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Review: Various The Remix EP

Label: Texture

Darqwan spotlights his dubstep imprint by putting his "Nocturnal" into the hands of remixer Geeneus, who keeps the bass rumble intact while toughening up the drumbeat. After darkening the wah-bass melody of his own breakstep jam, "Said the Spider," 'qwan spotlights Markone, who gives his own "Tribesmen" an electro-fied, subterranean rub. As they used to tell Baryshnikov: nice package. Read more » 

Review: The Gossip Movement

Label: Kill Rock Stars

Detractors of bitter chick rock will find the Gossip's variant to be a coup de grace. Their new album, Movementbetween Sleater Kinney and the Ramones. But the Gossip gives its forerunners a run for their money: they've balanced catchy handclaps ("Fire/Sign") with gospelly dirges ("All My Days"), and Beth's voice might have been plucked from some coalminer's daughter in a Southern shantytown. The Gossip has a sound that's unlike most garage rock: their songs are as bruising and bluesy as any backporch folk, but appropriately feedback-laced and ardently pissed-off. Read more » 

Review: Patrick Dubois Today

Label: Isoghi

Daniel Erbe's got one hell of an alter-ego. As Patrick Dubois, he creates luscious, minimal techno with a warm, fuzzy center. The bulk of the tunes on Today are heady, atmospheric tracks that throb with emotion and pulsate with an earnestness all too often suppressed in today's more clinical techno works. Erbe's tracks like "Run," "My Cat" and "Sofa" resonate with the gentle, fragile beauty championed by minimal machine-music artists like Norken and Brothomstates. Read more » 

Review: Dakah Hip-Hop Orchestra Unfinished Symphony

Label: Rhythm Room

Dakah lays down the gauntlet for those "producers" who recycle samples, nudge already-hackneyed beats and call the result "hip-hop." The LA-based 60-plus piece orchestra shows the difference live musicians can make on tracks like "Adiago Asiago" (subtitled "Tryin II Sow My Love"), a love song where swelling woodwinds are grounded with unhurried percussion. Another standout is "Invocation of the Duke," where the scratching lets the Latin percussion and string- and horn-laden instrumentation take the foreground. Minor quibble: sometimes the instruments overwhelm the sung and rapped vocals. Read more » 

Review: Smooth S/t

Label: Real Estate

Cram Everything But The Girl, Morcheeba and Portishead into a blender, and you get the endearing, but somewhat derivative, Smooth. This Israeli band does a fine job of creating bleepy electronic soundscapes full of free-wheeling guitar work, shimmering synth lines and meandering melodies, but the end result is hardly captivating. "All Those Feelings" is a lovely piece of post-Radiohead rock and "Fill It Up" fits right into a dark, Generation X-directed TV police drama soundtrack. But the vocal theatrics and intense melodrama begin to wear a bit thin. Read more »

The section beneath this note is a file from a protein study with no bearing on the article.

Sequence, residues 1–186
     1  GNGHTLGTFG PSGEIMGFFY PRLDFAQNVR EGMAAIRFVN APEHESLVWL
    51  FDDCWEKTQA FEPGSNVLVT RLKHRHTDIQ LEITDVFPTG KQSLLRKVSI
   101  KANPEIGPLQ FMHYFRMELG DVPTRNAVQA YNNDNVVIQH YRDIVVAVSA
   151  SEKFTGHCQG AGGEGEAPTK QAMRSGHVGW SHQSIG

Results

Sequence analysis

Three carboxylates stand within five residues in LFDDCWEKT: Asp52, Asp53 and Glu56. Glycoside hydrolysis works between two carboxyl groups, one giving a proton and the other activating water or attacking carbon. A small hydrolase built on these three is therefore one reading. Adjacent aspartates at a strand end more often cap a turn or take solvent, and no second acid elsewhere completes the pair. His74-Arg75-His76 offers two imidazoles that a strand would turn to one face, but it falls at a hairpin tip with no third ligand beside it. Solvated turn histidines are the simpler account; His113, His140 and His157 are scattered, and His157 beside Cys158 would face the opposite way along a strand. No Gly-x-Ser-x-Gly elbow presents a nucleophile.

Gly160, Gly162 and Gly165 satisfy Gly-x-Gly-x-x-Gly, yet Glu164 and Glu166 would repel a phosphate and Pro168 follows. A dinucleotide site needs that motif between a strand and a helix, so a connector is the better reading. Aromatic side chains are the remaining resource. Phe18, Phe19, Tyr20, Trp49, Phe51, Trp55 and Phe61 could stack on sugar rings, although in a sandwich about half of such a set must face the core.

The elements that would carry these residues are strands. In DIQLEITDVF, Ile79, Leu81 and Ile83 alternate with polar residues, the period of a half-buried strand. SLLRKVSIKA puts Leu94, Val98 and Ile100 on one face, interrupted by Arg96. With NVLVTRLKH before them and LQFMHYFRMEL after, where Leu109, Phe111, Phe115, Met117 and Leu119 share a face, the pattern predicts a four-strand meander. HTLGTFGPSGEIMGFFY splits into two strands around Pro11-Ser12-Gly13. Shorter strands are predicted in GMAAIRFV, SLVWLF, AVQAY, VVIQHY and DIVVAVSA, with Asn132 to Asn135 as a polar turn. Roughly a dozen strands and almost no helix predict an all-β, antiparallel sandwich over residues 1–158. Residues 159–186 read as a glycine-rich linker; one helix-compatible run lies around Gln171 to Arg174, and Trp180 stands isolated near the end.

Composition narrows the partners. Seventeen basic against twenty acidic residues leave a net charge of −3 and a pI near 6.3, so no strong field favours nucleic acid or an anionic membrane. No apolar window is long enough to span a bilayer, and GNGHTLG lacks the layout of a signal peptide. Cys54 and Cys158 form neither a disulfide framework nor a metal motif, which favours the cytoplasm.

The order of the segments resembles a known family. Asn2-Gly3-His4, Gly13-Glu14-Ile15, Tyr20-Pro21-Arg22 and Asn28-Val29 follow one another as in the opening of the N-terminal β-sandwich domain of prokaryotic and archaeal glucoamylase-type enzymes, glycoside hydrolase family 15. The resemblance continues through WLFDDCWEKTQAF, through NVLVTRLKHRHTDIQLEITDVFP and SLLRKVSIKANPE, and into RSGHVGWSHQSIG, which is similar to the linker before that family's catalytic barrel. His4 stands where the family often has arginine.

Review: Various Madlib: Shades of Blue

Label: Bluenote

Crate-digger and storied producer Madlib cooks up a tasty and tasteful chicken soup with Shades of Blue. The album is one part bitches brew: DJ Lord flavors original cuts from Bobby Hutcherson in the joint "Montara." It's one part weak sauce: snare-heavy rock beats collide with lilting flutes in the overly-beefed remix of Otis Jackson Jr.'s "Funky Blue Note." It's one part meat stock: by layering straight hand-claps over liquid vibes, Madlib discovers something haunting and beautiful in Ronnie Foster's "Mystic Brew." Smoke a blunt before listening, and try to get all the nuances. Read more » 

Review: Uultrakurt & Pantytec Barry-Lynn Bronzon

Label: Telegraph

Cabanne and Gluck of Ultrakurt are back with some more crunchy goodness after releasing their solid cut, Post Office," last year and remixing Perlon favorite Pantytec. Zip and Sammy Dee return the favor on this EP, with a great remix of "2 Millimeters" that makes this a French minimal-techno gem. " Read more » 

Review: Mr. G New Blood EP

Label: Shuffle

Colin McBean's main appeal is that his production is universal. His records are played by house, techno, and even trance (yecch) DJs. This one's no exception: for the house-head, "The Day After B" employs filtered vocal samples that slip in and out, while "Flux Tech" pounds the body into submission with only one escape-dance. Read more » 

Review: Max Sedglley The EP

Label: Irma

Breakbeat Era/Reprazent drummer Sedgley slows the tempo of his day-job bands in order to go solo as a producer, and the man's got undeniable diversity happening here. Between the brazenly chunky non-clich?d blaxploitation funk of "Happy" to the perky, digi-soulful and two-stepping "Two-Way" and the rich downtempo steez of "Slowly," Sedgley leaves us thirsting for more. Read more » 

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